British Columbians can now bring home as much alcohol from another province as they want, as long as it's for personal consumption only.

Until now, there were limits on how much liquor residents could bring into the province. Other provinces also had similar restrictions on products bought in B.C.

The B.C. government lifted those restrictions earlier this month.

"Following a commitment made by Premier John Horgan at the premiers’ 2018 summer meetings, the personal alcohol exemption restrictions were lifted as of July 8, 2019," the B.C. government said in a statement.

Other provinces have taken similar steps, the release read.

Saskatchewan and Nova Scotia have also recently eliminated person exemption limits, and Prince Edward Island is on the path to doing so as well.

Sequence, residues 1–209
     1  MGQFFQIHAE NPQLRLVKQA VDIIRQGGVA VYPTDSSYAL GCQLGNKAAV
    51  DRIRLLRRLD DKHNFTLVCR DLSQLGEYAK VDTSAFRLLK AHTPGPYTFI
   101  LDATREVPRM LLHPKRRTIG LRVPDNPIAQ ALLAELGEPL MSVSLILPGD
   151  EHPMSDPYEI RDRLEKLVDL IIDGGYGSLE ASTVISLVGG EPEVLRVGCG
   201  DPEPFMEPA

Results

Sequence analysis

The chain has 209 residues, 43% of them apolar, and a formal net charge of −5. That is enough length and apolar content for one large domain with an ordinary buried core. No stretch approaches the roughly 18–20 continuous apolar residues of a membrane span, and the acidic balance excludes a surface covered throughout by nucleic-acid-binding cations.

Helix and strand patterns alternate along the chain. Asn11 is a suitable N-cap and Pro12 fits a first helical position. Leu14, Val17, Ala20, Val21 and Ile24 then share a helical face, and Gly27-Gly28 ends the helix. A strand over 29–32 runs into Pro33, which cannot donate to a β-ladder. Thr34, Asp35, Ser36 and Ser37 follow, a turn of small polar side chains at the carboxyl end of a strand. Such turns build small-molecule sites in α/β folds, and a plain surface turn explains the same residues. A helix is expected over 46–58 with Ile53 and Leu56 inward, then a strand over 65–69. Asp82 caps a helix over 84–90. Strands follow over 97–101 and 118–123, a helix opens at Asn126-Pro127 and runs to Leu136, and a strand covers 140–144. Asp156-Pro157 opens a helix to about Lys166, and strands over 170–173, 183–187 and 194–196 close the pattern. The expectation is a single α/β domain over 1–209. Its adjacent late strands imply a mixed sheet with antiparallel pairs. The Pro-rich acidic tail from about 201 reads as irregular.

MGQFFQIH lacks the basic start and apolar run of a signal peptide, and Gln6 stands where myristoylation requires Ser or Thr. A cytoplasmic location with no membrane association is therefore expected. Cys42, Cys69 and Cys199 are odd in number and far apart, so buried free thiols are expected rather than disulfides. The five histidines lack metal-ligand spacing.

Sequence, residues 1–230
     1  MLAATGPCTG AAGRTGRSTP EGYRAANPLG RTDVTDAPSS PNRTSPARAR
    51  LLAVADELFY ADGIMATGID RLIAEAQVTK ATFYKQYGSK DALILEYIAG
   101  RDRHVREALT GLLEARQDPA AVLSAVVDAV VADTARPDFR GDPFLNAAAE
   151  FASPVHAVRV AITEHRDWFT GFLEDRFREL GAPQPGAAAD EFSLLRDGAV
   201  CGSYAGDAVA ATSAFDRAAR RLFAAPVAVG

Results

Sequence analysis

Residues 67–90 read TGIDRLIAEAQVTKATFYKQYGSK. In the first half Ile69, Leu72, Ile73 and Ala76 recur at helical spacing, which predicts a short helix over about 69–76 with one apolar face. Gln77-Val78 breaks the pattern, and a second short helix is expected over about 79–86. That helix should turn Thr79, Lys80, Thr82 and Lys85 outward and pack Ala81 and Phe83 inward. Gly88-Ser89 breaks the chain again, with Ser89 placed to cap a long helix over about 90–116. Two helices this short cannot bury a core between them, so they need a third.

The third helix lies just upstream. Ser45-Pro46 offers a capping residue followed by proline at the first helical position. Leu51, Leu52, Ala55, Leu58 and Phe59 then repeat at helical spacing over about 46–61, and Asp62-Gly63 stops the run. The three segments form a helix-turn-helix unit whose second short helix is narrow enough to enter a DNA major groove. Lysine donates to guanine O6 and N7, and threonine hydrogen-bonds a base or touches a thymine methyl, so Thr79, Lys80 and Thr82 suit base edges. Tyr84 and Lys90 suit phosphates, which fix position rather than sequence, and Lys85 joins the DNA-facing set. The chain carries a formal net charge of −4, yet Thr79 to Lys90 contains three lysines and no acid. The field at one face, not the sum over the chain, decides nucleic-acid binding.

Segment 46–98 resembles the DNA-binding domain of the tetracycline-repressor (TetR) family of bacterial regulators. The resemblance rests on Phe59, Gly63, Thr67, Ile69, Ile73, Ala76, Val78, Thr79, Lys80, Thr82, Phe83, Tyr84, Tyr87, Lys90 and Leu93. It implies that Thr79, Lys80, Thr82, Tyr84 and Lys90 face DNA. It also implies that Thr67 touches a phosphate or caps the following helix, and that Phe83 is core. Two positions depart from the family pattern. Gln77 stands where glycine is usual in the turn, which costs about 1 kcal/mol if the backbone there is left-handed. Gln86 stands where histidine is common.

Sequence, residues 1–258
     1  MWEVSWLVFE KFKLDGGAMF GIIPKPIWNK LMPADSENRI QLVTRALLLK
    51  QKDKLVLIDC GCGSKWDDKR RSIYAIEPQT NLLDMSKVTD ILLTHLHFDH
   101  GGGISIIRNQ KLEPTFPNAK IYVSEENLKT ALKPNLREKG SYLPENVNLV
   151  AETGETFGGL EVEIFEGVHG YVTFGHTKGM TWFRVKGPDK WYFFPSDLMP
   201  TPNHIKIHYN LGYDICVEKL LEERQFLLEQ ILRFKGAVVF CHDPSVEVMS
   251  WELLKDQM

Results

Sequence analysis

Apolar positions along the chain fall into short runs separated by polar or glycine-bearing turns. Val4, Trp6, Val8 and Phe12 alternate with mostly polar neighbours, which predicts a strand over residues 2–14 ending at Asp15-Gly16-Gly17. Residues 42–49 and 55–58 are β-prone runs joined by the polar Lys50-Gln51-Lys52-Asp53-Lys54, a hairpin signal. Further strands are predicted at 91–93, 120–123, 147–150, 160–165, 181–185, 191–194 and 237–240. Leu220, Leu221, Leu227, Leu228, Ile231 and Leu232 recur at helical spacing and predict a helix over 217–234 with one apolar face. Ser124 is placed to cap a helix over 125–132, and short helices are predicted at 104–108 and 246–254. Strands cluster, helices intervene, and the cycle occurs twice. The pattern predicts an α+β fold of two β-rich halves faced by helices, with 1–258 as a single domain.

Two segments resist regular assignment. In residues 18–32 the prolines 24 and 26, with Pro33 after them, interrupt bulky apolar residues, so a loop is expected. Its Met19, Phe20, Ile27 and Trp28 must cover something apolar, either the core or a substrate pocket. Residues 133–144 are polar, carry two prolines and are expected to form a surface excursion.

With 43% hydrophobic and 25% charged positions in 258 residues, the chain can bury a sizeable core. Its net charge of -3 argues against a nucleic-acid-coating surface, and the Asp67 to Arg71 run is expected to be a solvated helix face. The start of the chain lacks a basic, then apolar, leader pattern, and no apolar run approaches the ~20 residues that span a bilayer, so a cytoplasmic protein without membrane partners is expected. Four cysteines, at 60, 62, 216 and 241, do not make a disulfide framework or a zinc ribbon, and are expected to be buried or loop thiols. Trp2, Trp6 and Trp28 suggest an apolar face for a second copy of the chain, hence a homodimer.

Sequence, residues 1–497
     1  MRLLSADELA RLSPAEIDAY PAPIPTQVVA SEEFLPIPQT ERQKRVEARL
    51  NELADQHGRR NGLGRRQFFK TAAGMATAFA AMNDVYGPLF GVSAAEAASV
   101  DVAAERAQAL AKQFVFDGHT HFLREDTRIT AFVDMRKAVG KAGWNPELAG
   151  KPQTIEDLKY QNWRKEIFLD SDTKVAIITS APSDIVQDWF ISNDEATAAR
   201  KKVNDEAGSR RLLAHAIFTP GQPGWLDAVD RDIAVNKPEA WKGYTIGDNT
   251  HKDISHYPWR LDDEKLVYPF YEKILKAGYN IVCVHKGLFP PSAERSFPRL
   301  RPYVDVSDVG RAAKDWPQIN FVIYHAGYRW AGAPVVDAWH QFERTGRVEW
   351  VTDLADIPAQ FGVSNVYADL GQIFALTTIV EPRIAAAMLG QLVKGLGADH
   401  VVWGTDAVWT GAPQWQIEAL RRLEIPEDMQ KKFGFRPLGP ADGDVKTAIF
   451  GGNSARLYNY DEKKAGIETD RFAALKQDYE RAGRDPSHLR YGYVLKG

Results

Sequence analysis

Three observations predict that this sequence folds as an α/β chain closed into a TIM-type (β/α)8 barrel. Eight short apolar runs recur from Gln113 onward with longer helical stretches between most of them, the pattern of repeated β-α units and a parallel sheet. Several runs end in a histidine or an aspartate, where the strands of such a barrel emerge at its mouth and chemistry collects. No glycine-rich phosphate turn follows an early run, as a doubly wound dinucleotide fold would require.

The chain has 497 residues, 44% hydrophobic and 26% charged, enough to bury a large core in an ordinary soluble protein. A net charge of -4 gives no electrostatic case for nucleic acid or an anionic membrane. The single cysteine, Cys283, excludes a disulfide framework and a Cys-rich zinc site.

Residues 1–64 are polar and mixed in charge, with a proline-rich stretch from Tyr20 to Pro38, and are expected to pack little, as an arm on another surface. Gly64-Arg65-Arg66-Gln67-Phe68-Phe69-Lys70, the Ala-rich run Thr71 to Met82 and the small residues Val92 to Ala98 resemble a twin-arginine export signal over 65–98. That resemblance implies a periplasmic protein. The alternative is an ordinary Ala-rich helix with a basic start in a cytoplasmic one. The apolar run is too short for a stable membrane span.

“For too long, British Columbians faced restrictions when bringing wine, beer and spirits from other provinces back to B.C. Our government has taken action to fix this,” Minister of Jobs, Trade and Technology Bruce Ralston said in a statement.

“This policy is consistent with the direction from the Council of Federation meeting in Saskatoon last week, where Canada’s premiers committed to reduce limits on transporting alcohol across our borders.”

Before July 8, British Columbians could bring home no more than three litres of spirits, nine litres of wine and 25.6 litres of beer, ciders and coolers from another province.

Those limits didn't apply to wine bought from a Canadian winery that uses 100 per cent Canadian products.